Let $X$ be a projective curve on a perfect field $k$ ($k$-scheme integral, separated, of finite type) and let $K$ be the function field of $X$.

Let's compare the following two constructions:

1. If $B$ be an $A$-algebra, the module of relative differential forms of $B$ over $A$ is a $B$-module $\Omega^1_{B|A}$. Therefore in my case I can define the $K$-vector space $\Omega^1_{K|k}$ which has dimension $1$. It is often called the "vect. space of rational differential forms". Any element $\omega\in\Omega^1_{K|k} $ defines a divisor $(\omega)$ and for any other $\omega'\in \Omega^1_{K|k}$, we have that $(\omega)\sim(\omega')$. Any member in the class of such "differential divisors" is the canonical divisor of the curve $K_X$.

2. Let $s:X\longrightarrow \text{Spec}\, k$ be the structure morphism. By a glueing procedure involving $s$, which is well described in Liu's book (Prop. 6.1.17), one can define sheaf of differential forms over $X$ denoted as $\Omega^1_X$ (or $\Omega^1_{X|k}$). It is an invertible sheaf, and the associated divisor (up to equivalence) is the canonical divisor $K_X$.

What is the relationship between the vector space $\Omega^1_{K|k}$ and the sheaf $\Omega^1_X$? Why is the ``final'' canonical divisor $K_X$ the same?

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    $\begingroup$ The stalk of $\Omega^1_X$ at the generic point of $X$ is $\Omega^1_{K/k}$. $\endgroup$ – Mohan Apr 2 '16 at 18:04

As Mohan points out in the comments, there is a canonical $K$-vector space isomorphism $\Omega^1_{X/k,\eta}\simeq\Omega_{K/k}^1$, where $\eta$ is the generic point of $X$.

(It seems like you're assuming $X$ is regular, or equivalently smooth over $k$, since otherwise $\Omega_{X/k}^1$ need not be locally free.) What you're talking about with divisors associated to "rational differentials" is a particular case of a somewhat more general construction. Let $X$ be any integral scheme with generic point $\eta$ and function field $K$. If $\mathscr{L}$ is an invertible $\mathscr{O}_X$-module, then (non-zero) elements of the $1$-dimensional $K$-vector space $\mathscr{L}_\eta$ are often called rational sections of $\mathscr{L}$ (maybe $0$ deserves to be a rational section too, but let's focus on non-zero rational sections). By the definition of $\mathscr{L}_\eta$ as the colimit over $\mathscr{L}(U)$ for $U$ non-empty and open in $X$, such rational sections can also be described as equivalence classes of pairs $(U,s)$, where $U$ is a non-empty open of $X$ and $s$ a section in $\mathscr{L}(U)$, and the equivalence relation is equality on intersections (a priori the equivalence relation looks weaker than this, but the restriction maps of $\mathscr{L}$ are injective due to integrality of $X$ and $\mathscr{L}$ being finite locally free, so the apparently stronger relation of equality on intersections holds). Now assume, in addition, that $X$ is Noetherian and regular at all codimension-$1$ points, that is, the stalks of $\mathscr{O}_X$ at points of codimension $1$ are discrete valuation rings. Then we can associate to any non-zero rational section $s$ as above a Weil divisor $\mathrm{div}^\mathscr{L}(s)$ by looking at the image of $s$ under trivializations of $\mathscr{L}$ in neighborhoods of each codimension -$1$ point and taking valuations of these images. So one can write $\mathrm{div}^\mathscr{L}(s)=\sum_x\mathrm{ord}_x(s)\cdot Z_x$, where the sum is over the points of codimension $1$ and $Z_x=\overline{\{x\}}$ is the corresponding integral closed subscheme of codimension $1$ (i.e. prime Weil divisor). (The Noetherianity ensures that $\mathrm{ord}_x(s)=0$ for all but finitely many $x$ in the sum.)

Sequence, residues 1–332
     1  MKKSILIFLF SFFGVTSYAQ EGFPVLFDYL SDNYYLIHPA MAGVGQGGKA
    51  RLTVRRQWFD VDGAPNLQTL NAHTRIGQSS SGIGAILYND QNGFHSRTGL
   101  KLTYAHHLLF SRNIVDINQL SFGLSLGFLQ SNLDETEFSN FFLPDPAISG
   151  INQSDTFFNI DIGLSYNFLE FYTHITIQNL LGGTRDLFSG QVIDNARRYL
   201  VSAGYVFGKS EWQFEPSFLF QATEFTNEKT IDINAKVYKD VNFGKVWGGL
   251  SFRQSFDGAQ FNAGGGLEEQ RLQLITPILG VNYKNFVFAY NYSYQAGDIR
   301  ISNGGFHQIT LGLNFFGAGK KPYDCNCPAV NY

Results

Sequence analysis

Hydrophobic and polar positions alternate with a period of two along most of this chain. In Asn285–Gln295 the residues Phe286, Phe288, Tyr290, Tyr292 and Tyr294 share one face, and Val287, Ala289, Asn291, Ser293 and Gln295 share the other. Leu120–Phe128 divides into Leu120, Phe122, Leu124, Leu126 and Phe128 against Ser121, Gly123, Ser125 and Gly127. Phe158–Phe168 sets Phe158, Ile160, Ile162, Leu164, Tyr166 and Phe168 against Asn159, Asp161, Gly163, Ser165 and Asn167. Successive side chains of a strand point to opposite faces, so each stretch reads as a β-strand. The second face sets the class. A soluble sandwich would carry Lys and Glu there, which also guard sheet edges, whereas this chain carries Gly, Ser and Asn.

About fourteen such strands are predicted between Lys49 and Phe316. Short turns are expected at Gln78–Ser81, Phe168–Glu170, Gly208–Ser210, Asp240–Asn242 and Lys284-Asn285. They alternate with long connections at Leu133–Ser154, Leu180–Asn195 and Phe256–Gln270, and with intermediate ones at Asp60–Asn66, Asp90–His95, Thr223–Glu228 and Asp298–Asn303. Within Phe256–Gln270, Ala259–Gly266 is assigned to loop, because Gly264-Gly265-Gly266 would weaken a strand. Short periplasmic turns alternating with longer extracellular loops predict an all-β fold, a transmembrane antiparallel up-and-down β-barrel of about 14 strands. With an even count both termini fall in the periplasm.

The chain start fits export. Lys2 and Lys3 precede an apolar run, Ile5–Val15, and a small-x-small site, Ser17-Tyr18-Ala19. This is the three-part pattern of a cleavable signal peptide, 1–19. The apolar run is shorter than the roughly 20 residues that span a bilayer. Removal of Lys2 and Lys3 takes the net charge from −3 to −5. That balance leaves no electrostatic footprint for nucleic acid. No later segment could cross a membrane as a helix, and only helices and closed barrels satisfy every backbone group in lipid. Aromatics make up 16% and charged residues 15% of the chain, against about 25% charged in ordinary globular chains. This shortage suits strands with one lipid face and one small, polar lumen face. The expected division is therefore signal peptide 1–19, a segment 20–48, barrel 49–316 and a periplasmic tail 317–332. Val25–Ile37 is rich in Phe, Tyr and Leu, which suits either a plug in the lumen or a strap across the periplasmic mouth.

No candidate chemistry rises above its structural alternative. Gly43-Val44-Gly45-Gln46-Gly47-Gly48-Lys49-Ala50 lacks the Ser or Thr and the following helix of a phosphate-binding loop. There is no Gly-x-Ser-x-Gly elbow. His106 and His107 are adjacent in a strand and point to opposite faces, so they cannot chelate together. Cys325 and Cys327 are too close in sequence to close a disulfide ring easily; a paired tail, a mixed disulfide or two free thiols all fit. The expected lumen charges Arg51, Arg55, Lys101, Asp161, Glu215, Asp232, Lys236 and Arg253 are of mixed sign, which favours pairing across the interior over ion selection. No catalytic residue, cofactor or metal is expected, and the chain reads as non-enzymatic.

Suppose now that $s$ and $t$ are non-zero rational sections of $\mathscr{L}$. Then because $\mathscr{L}_\eta$ is $1$-dimensional over $K$, there is a non-zero element of $K$, i.e. a rational function $f$ on $X$ (which is incidentally by our definition a rational section of the trivial sheaf $\mathscr{O}_X$) for which $s=ft$ (the equality taking place in $\mathscr{L}_\eta$). One can verify from the definition that for each codimension-$1$ point $x$, $\mathrm{ord}_x(s)=\mathrm{ord}_x(ft)=\mathrm{ord}_x(f)+\mathrm{ord}_x(t)$. This means that for the associated Weil divisors we have $\mathrm{div}^\mathscr{L}(s)=\mathrm{div}(f)+\mathrm{div}^\mathscr{L}(t)$, where $\mathrm{div}(f)$ is the usual principal divisor associated to a non-zero element of $K$, and coincides with $\mathrm{div}^{\mathscr{O}_X}(f)$ as we have defined it. At any rate, we find that any two non-zero rational sections of $\mathscr{L}$ give rise to linearly equivalent Weil divisors. Thus to every invertible $\mathscr{O}_X$-module we have a well-defined associated Weil divisor class.

This can be applied in particular to a smooth projective curve $X$ over $k$ and the invertible $\mathscr{O}_X$-module $\Omega_{X/k}^1$, recovering the equality you ask about, and giving a well-defined canonical divisor class. Note the rational differentials have to be non-zero. This makes sense because for such an $X$, one can define an invertible $\mathscr{O}_X$-module $\mathscr{O}_X(\mathrm{div}^{\Omega_{X/k}^1}(\omega))$ for any non-zero rational differential $\omega$, and this will be isomorphic to the invertible sheaf from which $\omega$ came, namely $\Omega_{X/k}^1$, the canonical sheaf of $X$.


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